The Penguin Turns Three Years Old

April 24th, 2012 saw the birth of “The Penguin.”

A colleague just posted on Facebook that today (4/24/15) is the third anniversary of Google’s “Penguin” Algorithm update. That update began to change the scope of search results – weeding out poor quality and/or redundant sites – to make the results better for people looking for content on the internet. It was meant to level the playing field among people and companies marketing on the Internet.Penguin Udate

Many affiliate marketers complained because “Penguin” negatively affected traffic to their websites. But maybe there were problems with their websites – such as poor content, copied content, a rehash of products offered by an actual merchant in hopes of gaining affiliate commissions, or whatever.  Overall it was a good thing – good for the consumer/end user – and good for us. It was good for us because we never tried to duplicate someone else’s efforts and our websites offer unique content and/or merchants’ products with an “added value” component.

The next major step will be to clean up the myriad ads that blur the real content/results whenever someone searches. Some people/merchants are “cheating” by masquerading and duplicating sites from the same company – to get around the Search Engine Terms of Service which (supposedly) allow only one company per search result. For true variety and relevance to the end user that needs to be enforced. I believe it will – eventually. Google and Bing/Yahoo need to produce truly relevant results for the public or they will lose market share to “other” entities. Can anyone say “Facebook search?”

Don’t blame the Big “G” for poor readership/visitors.

I’m getting tired of hearing people on “the forums” (like ABestWeb.com) complain about algorithm changes killing their traffic. Of course the main search engines are in business to make a buck for themselves (or their stockholders) but they still need to provide relevant results to “their” readers’ searches – or they will lose those readers.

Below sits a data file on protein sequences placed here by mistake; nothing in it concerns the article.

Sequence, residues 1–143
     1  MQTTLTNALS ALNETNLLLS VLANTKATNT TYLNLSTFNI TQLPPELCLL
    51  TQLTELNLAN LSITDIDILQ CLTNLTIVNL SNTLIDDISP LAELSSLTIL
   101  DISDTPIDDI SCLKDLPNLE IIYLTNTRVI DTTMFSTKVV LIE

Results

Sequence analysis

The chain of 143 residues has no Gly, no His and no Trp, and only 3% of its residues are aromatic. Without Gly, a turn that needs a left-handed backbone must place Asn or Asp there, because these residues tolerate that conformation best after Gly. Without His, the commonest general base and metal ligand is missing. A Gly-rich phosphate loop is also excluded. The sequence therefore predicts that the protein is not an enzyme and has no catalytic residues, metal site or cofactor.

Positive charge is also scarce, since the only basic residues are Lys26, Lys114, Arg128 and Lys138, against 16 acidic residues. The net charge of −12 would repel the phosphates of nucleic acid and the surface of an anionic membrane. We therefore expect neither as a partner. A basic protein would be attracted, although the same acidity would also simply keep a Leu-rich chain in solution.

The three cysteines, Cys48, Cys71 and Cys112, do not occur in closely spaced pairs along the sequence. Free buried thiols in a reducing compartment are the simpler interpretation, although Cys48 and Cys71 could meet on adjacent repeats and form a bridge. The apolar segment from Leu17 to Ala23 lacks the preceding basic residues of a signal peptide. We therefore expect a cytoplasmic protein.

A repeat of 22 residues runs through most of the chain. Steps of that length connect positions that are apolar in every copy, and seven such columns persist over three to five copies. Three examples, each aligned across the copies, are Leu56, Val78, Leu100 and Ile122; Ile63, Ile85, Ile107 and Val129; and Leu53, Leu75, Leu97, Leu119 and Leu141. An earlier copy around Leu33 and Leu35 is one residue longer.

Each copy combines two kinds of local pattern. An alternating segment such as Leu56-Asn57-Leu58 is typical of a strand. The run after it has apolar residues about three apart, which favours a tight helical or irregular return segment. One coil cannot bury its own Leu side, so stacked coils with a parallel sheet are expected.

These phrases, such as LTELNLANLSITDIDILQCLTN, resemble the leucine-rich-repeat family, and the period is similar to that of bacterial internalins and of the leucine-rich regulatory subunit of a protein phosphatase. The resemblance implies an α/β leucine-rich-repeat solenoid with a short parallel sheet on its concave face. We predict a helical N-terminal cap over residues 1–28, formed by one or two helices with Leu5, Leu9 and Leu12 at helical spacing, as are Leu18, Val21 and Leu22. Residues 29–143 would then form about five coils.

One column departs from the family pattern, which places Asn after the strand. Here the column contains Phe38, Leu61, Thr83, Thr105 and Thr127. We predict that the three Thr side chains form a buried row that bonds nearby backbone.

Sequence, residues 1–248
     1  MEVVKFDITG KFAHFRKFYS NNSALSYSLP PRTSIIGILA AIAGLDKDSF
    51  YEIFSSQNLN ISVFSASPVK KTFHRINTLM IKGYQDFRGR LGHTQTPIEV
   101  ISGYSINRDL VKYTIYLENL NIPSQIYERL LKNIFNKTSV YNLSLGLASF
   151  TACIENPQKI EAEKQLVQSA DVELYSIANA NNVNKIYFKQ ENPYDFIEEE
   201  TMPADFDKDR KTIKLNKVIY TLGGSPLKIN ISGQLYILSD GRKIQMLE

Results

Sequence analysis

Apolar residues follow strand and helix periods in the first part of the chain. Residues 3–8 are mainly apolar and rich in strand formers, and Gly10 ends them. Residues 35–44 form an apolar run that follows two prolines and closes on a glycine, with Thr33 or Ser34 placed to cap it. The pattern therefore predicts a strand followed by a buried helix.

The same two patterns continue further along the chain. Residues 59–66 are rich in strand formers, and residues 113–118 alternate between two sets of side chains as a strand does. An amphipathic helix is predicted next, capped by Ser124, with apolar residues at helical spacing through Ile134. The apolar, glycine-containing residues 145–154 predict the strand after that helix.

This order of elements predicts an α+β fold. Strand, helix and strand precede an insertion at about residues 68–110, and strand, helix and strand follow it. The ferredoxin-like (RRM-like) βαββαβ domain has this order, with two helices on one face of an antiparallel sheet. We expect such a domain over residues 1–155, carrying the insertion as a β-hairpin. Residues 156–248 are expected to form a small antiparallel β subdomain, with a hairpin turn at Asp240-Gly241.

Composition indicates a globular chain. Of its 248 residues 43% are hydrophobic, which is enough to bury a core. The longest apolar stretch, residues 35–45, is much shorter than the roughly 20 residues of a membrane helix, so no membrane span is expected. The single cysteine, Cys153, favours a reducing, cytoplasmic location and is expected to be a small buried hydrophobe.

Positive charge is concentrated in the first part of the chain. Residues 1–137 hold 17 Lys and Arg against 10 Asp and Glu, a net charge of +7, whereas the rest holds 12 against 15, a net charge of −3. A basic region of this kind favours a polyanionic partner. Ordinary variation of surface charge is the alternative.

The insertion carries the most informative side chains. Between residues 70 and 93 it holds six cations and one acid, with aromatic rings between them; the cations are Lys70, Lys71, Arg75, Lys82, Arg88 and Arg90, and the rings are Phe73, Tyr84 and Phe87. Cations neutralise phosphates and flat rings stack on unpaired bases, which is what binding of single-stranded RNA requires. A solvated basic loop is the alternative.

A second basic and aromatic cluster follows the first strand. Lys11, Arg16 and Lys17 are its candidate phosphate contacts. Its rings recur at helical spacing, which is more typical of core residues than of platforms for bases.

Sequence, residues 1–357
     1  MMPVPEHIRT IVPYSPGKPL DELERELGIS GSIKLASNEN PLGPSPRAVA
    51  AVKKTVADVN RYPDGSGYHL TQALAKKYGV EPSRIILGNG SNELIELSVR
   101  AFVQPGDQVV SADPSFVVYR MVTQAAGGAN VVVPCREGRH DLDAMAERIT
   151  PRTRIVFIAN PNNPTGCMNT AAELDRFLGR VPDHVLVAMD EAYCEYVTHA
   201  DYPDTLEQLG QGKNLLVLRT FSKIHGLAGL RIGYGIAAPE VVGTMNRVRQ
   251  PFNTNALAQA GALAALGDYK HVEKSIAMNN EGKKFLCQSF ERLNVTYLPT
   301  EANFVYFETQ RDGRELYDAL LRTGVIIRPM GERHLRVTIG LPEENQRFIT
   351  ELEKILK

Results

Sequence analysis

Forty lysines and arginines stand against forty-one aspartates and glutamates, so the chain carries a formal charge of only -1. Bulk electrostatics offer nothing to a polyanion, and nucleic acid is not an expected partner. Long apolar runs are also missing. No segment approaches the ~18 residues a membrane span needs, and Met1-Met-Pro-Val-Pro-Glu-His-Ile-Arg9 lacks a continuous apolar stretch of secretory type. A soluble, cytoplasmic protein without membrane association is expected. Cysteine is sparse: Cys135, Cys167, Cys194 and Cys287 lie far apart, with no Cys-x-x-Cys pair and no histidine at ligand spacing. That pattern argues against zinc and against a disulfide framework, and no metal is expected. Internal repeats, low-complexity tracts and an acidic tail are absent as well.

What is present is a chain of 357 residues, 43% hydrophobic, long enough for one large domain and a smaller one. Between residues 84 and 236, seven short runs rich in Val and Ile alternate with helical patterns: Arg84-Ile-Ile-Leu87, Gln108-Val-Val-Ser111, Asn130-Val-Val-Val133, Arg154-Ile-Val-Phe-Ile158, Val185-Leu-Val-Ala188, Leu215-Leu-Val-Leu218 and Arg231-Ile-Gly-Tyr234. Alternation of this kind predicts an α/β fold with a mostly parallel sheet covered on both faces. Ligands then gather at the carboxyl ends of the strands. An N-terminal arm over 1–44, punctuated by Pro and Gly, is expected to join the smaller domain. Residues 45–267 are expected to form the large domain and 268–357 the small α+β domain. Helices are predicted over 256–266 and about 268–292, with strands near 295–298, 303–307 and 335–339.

While perusing ABestWeb the other day I saw a thread stared buy a relative “newbie” with a poll about search engine attitudes (or something like that). He was, of course, jumped on for being a newbie and not knowing the “difficulties” that long-established affiliate marketers were facing because of the search engine (mostly Google) algorithm changes and how those changes have hurt their business models.

Here is what I started to respond on a recent post – but figured it may do more good here:

Quote:
Originally Posted by Elwin
……if you as an affiliate marketer didn’t care so much about all the technical stuff to make the bucks, but instead completely only focused on the end users and their experiences of you, in other words, focused entirely on building relationships instead of making sales, than the changes by Google wouldn’t affect you that much, in fact, you should benefit.

Sounds about right to me…

If you really care about your readers and NOT the search engine(s) “algorithm” crap you can do all right – and on a consistent basis. Don’t be a copy-cat, don’t regurgitate a merchant datafeed – but provide something in which your readers may find interest. If you can do that you can earn some money.

Some people spend more time worrying about what Goog’s “Webmaster Tools” say than about what their readers like – and then wonder why they are “struggling” to earn a buck. Some folks have a million or more (datafeed-fed) pages on line and only make two grand a month – and then blame poor results on something/everything else…

Build something your readers like. Identify “that” by looking at basic web stats (provided free by most hosts) to see what pages are visited most frequently – and build more pages like those. Then you can do OK. You might not get rich – but you can do well.

‘Nuff said???

Remember, please, that traffic (visitors) provided by the search engine organic (natural, non-paid) results is FREE traffic. Something provided for FREE – should not be criticized – or “blamed” – when that traffic changes.

Web design for which browser? IE, FF, Safari or Chrome

Oops – lost some content here – but it will be back…maybe…

However, for a web developer to NOT optimize sites for the top browsers, Chrome, IE. FF and Safari would be either stupid, ignorant, foolish, arrogant or, perhaps, all four.

Just sayin… (but those two remaining sentences just about sum up all the thoughts on the issue. 🙂 )